published code.

The license is, from my copy of the 1987 edition: "Although this book and its programs are copyrighted, we specifically authorize you, the reader of this book, to make one machine-readable copy of each program for your own use. [...] Distribution of machine-readable programs (either as copied by you or as purchased) to any other person is not authorized."

I'll have to dig my copy out and see if it's any better. Really, if the code can't even legally be used internally for an application developed by a team of programmers then the book is nearly worthless.

I wouldn't go so far as to call it worthless. It may not be a repository of freely usable algorithms, but it is a nice textbook that covers a wide range of topics and methods. A lot of the algorithms in NR are just their versions of classic (and public domain) algorithms found freely available on NETLIB.

Yes, they basically grabbed algorithms from NETLIB and added their own bugs to them. So even if
 one cannot write them directly from the book, there are other ways to 
 get at them. What one can't always get from NETLIB are explanations of 
 how the routines work, and why they're designed the way they are, and 
 that's where NR comes in handy.

Even beyond that, the really big contribution of NR was in publicising some great algorithms.
May 16 2009
parent reply "Lars T. Kyllingstad" <public kyllingen.NOSPAMnet> writes:
Don wrote:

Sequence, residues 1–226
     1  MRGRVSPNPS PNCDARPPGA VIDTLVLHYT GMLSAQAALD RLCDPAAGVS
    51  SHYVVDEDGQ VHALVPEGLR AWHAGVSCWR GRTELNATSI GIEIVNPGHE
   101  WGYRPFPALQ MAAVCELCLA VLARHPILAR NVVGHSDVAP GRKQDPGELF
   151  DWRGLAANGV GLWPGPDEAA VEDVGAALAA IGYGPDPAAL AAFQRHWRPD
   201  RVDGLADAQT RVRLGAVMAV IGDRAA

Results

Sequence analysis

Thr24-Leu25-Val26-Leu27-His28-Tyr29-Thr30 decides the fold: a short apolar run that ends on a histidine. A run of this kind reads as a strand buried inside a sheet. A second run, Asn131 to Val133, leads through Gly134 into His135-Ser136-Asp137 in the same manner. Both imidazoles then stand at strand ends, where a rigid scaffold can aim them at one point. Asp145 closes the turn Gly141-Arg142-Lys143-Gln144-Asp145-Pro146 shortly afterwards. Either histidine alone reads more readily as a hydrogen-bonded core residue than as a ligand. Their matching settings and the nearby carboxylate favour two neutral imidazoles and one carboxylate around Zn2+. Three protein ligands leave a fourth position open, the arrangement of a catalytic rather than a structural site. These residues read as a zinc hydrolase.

Lars T. Kyllingstad wrote:
 Sean Kelly wrote:
 Walter Bright wrote:
 Andrei Alexandrescu wrote:
 Actually I seem to remember that "Numerical recipes in C" was 
 widely criticized for having incredibly strong restrictions on the 
 published code.

The license is, from my copy of the 1987 edition: "Although this book and its programs are copyrighted, we specifically authorize you, the reader of this book, to make one machine-readable copy of each program for your own use. [...] Distribution of machine-readable programs (either as copied by you or as purchased) to any other person is not authorized."

I'll have to dig my copy out and see if it's any better. Really, if the code can't even legally be used internally for an application developed by a team of programmers then the book is nearly worthless.

I wouldn't go so far as to call it worthless. It may not be a repository of freely usable algorithms, but it is a nice textbook that covers a wide range of topics and methods. A lot of the algorithms in NR are just their versions of classic (and public domain) algorithms found freely available on NETLIB.

Yes, they basically grabbed algorithms from NETLIB and added their own bugs to them.